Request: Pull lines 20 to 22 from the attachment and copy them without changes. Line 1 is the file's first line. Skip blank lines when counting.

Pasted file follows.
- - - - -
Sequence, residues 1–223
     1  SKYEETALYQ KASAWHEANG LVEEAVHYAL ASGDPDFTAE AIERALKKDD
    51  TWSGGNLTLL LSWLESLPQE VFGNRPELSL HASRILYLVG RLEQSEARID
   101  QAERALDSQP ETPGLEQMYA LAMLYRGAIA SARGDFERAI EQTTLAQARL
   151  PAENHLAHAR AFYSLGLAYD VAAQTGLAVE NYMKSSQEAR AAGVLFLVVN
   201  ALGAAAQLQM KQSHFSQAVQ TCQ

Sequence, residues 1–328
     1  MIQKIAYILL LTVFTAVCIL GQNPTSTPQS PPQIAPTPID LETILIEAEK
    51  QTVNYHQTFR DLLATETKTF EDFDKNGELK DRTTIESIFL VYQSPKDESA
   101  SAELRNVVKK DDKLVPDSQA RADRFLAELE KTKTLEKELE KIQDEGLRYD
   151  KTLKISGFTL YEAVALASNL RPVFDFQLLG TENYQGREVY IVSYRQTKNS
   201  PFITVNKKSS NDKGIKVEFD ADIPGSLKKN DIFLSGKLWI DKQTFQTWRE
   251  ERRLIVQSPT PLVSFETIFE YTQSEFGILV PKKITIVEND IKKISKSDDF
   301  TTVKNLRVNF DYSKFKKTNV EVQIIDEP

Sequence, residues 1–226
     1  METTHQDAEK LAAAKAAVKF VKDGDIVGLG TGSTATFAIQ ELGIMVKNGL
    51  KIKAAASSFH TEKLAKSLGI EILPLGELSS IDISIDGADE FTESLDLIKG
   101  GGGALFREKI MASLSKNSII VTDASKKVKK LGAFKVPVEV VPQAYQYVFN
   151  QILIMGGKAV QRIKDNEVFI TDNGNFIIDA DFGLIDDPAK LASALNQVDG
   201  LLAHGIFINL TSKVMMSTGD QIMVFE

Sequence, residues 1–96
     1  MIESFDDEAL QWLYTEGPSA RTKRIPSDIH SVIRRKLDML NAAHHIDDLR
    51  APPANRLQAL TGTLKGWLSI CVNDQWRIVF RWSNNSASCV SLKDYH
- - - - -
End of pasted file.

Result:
   201  LLAHGIFINL TSKVMMSTGD QIMVFE

Sequence, residues 1–96
     1  MIESFDDEAL QWLYTEGPSA RTKRIPSDIH SVIRRKLDML NAAHHIDDLR